Russian spiritual teacher G.I. Gurdjieff sought to bring his students to a place of consciousness that went far beyond what was generally thought of as “being awake”. The core of his teaching, that humankind was unfinished and did not possess a soul but was capable of creating one through intense inner work, created discomfort in his followers and stimulated them to find ways to break through to new levels of awareness – a method he called “the way of the sly one”. P.D. Ouspensky, Gurdjieff’s foremost disciple, also taught about the possible evolution of human consciousness and provided a more systematized interpretation of Gurdjieff’s teachings.

Ken James, PhD maintains a private practice in Chicago, Illinois.  His areas of expertise include dream work and psychoanalysis, archetypal dimensions of analytic practice, divination and synchronicity, and ways to sustain the vital relationship between body, mind and spirit.  He has done post-doctoral work in music therapy, the Kabbalah, spirituality and theology, and uses these disciplines to inform his work as a Jungian analyst. For more information visit soulworkcenter.org

For the complete series, click here
For all seminars by Ken James, click here


© 1997 Ken James. This podcast is licensed under a Creative Commons Attribution-NonCommercial-NoDerivatives 4.0 International License. You may share it, but please do not change it, sell it, or transcribe it.
Music by Michael Chapman
Edited and produced by Benjamin Law

Individuation James, Ken Jungianthology Podcast Mind-Body Religion & Spirituality Self and Self-Psychology Seminars Transformation

with Murray Stein, PhD

This episode is part one of the series The Jungian Psyche: A Deeper Look at Analytical Psychology. The course, recorded in 1991, offers a careful exploration of some of Jung’s key theoretical texts. Aimed at giving the advanced student of analytical psychology a greater appreciation of the details of Jung’s theoretical model of the psyche, the class proceeds in a systematic fashion through the basic concepts and considers how they interrelate to form a whole. Suggested readings from Jung’s Collected Works are announced at the start of each class section. During this talk Dr. Stein discusses Jung’s Aion: Researches into the Phenomenology of the Self and Psychological Types, the theory, historical use, and emergence of the term ego, and the theory of complexes.

stein_murrayMurray Stein, PhD is a training analyst at the International School for Analytical Psychology in Zurich, Switzerland. His most recent publications include The Principle of Individuation, Jung’s Map of the Soul, and The Edinburgh International Encyclopaedia of Psychoanalysis (Editor of the Jungian sections, with Ross Skelton as General Editor). He lectures internationally on topics related to Analytical Psychology and its applications in the contemporary world. Dr. Stein is a graduate of Yale University (B.A. and M.Div.), the University of Chicago (Ph.D., in Religion and Psychological Studies), and the C.G. Jung Institut-Zurich. He is a founding member of the Inter-Regional Society of Jungian Analysts and Chicago Society of Jungian Analysts. He has been the president of the International Association for Analytical Psychology (2001-4), and is presently a member of the Swiss Society for Analytical Psychology and President of the International School of Analytical Psychology, Zurich.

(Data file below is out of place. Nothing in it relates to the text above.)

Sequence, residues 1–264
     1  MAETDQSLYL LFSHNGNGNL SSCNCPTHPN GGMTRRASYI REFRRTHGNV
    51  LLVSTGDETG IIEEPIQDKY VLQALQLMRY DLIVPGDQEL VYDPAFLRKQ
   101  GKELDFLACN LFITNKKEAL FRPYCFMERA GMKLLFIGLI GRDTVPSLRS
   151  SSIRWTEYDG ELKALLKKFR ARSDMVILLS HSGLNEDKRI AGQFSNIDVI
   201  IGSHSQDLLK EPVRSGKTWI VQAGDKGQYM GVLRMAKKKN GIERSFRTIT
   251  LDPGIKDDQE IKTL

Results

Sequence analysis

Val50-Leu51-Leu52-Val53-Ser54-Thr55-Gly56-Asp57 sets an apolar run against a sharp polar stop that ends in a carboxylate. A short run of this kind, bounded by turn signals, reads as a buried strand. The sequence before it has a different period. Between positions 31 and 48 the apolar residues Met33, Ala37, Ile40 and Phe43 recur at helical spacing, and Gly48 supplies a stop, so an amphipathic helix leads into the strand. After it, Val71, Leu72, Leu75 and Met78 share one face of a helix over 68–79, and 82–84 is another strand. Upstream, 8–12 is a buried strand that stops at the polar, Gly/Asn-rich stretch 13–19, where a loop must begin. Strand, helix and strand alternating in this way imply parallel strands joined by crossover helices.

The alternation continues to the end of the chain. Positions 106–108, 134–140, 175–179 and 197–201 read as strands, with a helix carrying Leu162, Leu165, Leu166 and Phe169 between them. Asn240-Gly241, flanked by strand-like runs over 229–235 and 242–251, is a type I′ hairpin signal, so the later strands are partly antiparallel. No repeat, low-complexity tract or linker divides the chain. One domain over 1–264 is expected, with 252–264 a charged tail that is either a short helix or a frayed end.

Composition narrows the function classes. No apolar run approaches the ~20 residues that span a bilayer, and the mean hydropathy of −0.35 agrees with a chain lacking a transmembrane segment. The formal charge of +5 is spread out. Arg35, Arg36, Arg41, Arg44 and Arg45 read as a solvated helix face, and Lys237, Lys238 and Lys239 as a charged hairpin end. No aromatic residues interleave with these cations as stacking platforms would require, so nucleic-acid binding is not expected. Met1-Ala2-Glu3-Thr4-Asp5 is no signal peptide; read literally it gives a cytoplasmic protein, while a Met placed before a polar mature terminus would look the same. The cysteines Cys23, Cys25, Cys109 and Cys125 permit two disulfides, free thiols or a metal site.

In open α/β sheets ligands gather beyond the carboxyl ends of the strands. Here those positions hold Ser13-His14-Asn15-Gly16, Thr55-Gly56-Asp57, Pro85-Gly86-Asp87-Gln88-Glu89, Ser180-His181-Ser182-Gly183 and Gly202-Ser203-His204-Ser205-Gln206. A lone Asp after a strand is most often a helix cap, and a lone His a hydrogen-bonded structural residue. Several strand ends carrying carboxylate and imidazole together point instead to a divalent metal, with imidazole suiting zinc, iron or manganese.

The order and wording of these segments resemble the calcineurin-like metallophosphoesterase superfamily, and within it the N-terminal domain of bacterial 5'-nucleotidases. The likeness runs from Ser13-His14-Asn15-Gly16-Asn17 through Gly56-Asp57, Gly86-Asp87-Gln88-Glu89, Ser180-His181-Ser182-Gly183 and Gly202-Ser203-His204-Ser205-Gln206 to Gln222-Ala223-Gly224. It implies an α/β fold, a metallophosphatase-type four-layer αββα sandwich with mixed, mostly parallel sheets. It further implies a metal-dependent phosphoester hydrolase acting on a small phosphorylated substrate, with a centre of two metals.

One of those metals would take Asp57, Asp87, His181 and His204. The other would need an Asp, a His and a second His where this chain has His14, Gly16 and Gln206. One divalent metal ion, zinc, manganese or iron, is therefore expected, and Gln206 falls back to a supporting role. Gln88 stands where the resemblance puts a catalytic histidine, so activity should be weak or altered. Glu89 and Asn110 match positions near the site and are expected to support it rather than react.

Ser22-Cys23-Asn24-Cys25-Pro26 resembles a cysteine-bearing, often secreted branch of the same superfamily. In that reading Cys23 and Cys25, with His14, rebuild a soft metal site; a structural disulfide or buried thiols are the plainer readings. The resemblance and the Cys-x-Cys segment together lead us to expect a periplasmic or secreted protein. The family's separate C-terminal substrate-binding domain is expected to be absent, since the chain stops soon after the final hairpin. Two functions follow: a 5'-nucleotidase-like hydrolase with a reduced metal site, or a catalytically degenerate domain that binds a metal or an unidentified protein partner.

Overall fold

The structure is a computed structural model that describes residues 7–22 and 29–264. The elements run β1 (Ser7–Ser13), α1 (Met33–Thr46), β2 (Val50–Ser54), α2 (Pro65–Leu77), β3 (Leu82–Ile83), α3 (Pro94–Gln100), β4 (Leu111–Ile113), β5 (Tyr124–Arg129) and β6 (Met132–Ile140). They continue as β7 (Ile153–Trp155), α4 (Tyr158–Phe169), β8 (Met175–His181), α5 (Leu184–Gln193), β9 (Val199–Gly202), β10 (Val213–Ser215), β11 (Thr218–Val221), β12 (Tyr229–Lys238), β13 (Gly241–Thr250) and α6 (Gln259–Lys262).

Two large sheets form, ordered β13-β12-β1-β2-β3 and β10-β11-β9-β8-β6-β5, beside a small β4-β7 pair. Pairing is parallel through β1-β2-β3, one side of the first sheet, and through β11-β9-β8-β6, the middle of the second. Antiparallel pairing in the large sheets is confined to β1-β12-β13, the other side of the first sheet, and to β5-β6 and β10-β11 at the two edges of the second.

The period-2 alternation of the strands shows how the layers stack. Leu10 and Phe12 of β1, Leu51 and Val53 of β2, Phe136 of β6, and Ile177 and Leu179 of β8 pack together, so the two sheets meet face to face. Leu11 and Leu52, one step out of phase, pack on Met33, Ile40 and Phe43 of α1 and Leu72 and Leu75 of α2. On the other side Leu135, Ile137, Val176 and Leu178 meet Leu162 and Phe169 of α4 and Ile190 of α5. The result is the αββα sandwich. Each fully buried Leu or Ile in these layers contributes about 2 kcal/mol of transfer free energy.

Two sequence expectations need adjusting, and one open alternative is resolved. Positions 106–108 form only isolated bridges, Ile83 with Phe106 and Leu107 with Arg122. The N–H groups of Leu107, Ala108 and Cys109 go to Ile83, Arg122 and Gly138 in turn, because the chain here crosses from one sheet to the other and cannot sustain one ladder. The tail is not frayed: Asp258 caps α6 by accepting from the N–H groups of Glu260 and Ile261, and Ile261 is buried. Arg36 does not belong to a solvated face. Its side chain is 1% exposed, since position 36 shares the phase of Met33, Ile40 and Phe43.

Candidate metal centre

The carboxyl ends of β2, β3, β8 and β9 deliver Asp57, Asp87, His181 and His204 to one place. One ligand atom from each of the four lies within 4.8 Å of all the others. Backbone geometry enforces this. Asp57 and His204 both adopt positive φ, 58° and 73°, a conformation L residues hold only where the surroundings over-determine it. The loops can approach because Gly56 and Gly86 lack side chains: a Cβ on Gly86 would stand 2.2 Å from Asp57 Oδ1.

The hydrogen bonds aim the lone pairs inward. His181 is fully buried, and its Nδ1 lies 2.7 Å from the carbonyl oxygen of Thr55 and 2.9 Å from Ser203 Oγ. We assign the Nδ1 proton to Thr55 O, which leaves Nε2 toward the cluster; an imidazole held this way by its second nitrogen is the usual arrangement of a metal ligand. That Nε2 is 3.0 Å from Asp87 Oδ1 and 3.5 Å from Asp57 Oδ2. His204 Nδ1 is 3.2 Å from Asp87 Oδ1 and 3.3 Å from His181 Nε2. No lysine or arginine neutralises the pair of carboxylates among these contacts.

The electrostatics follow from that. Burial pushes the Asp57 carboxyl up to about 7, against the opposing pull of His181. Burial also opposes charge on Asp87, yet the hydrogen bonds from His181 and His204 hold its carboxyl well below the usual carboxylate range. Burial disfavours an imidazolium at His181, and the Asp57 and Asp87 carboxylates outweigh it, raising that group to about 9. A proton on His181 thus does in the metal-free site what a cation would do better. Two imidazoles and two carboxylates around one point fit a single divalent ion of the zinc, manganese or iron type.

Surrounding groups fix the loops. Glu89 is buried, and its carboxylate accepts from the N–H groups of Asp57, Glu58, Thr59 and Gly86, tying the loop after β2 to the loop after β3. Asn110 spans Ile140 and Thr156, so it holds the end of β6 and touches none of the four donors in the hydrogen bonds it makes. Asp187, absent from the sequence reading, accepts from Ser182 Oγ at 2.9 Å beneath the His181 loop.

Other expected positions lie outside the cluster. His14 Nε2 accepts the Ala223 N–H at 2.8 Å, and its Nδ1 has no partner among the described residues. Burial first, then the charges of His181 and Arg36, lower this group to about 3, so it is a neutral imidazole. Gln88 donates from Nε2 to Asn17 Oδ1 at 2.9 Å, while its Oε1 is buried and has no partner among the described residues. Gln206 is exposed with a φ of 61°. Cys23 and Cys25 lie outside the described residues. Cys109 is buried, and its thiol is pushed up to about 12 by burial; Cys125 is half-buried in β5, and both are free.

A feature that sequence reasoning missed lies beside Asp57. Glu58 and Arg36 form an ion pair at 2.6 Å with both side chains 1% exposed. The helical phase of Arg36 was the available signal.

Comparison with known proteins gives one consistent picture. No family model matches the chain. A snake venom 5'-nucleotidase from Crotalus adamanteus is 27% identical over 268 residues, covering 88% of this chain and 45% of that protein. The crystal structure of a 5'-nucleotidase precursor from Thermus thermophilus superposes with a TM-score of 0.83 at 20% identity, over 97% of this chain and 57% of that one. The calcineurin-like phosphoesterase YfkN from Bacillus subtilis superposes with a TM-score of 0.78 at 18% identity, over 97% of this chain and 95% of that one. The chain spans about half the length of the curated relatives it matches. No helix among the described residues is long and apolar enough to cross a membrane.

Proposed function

For the complete series, click here.

To browse all of Dr. Stein’s lectures, click here.

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© 1991 Murray Stein. This podcast is licensed under a Creative Commons Attribution-NonCommercial-NoDerivatives 4.0 International License. You may share it, but please do not change it, sell it, or transcribe it.

Music by Michael Chapman

Archetypes Complexes Jung's Life Jungianthology Podcast Mind-Body Self and Self-Psychology Seminars Stein, Murray Typology

Beastwith Anita Greene, Ph.D.

Anita Greene, Ph.D. is a Jungian analyst in private practice in Amherst Massachusetts, and a teacher at the C.G. Jung Institute in Boston. She is also a Rubenfeld Synergist who combines gentle body techniques within her analytic work. She lectures widely on the integration of body and psyche.

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Creative Commons License
© Anita Greene. This podcast is licensed under a Creative Commons Attribution-NonCommercial-NoDerivatives 4.0 International License. You may share it, but please do not change it, sell it, or transcribe it.

Episode music is by Michael Chapman

Gender & Sexuality Greene, Anita Jungianthology Podcast Mind-Body Myth/Fairytale Seminars Transformation